Christmas is lovely, isn't it? I mean, if we ignore the mass-consumption and the massive anxiety that people feel regarding Christmas presents, then it is quite lovely. My teacher rescheduled the lecture yesterday, so I spent the day drawing Christmas cards and setting up our Christmas "tree", which just is a potted plant.

But isn't an ordinary Christmas tree a potted plant, or a plant in a vase? Where is the line drawn between plants and trees? Google tells me that trees are a type of plant, meaning that all trees are plants but not all plants are trees. Trees are also different from all other plants in that they have a hard, wooden stem, whereas other plants have soft stems. Well, I'm no biologist, but this seems to indicate that most people keep a huge, decorated plant with a hard stem in their livingroom in these Christmasy times, and my plant just happens to be smaller and have a soft stem. It's all the same (it isn't, but let's ignore that. Come on, it's Christmas).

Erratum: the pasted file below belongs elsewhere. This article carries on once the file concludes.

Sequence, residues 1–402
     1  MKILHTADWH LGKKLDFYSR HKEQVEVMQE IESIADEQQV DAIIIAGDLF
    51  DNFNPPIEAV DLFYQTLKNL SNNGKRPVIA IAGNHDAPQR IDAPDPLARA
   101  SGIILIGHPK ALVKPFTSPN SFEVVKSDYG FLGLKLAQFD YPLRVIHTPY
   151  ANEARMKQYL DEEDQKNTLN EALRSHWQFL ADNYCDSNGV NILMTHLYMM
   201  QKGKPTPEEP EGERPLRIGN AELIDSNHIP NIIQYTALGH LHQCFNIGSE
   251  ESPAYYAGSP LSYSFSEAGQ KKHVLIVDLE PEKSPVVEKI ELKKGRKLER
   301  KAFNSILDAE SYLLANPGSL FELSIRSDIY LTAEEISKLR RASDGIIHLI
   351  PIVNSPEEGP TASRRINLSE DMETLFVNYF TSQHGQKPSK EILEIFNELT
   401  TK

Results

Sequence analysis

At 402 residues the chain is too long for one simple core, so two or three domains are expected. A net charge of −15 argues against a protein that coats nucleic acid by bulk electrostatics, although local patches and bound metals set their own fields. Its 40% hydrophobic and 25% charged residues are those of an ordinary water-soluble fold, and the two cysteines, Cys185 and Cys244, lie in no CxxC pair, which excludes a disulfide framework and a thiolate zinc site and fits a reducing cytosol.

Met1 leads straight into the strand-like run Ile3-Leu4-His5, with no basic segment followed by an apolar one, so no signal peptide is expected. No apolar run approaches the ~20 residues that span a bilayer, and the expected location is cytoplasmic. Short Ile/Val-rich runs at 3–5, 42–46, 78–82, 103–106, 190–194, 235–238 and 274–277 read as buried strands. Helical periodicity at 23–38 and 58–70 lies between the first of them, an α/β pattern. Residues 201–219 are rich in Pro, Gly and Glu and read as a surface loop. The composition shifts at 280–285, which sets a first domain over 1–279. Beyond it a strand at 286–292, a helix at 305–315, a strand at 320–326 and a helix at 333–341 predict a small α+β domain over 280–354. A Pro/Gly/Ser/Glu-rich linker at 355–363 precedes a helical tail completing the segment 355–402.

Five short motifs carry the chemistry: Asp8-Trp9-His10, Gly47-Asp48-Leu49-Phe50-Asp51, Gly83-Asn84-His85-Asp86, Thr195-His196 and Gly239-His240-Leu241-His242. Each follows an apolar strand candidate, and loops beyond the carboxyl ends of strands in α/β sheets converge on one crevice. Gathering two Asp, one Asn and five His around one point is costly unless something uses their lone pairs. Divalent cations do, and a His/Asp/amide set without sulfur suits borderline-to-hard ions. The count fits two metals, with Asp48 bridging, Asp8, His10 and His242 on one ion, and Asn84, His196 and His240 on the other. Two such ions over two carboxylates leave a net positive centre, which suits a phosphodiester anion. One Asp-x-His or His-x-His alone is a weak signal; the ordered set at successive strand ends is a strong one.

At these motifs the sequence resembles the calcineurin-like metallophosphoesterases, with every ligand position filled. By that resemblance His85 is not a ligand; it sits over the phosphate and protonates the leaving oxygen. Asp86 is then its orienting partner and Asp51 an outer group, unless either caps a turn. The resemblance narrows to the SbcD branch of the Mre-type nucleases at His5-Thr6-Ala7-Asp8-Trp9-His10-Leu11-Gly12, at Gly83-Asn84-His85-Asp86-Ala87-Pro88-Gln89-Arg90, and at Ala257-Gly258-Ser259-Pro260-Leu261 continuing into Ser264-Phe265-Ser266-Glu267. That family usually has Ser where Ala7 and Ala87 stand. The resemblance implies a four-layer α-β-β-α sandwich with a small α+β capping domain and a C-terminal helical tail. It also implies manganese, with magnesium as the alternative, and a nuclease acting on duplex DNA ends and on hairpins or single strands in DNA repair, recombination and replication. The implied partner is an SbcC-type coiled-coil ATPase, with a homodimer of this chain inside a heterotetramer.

I don't know where I'm going with this. What I do know is that I'm not doing what I'm supposed to do right now, so byebye for now~

Blog using your mobile phone - One of the best blogging apps on the market - click here!

Likes

Comments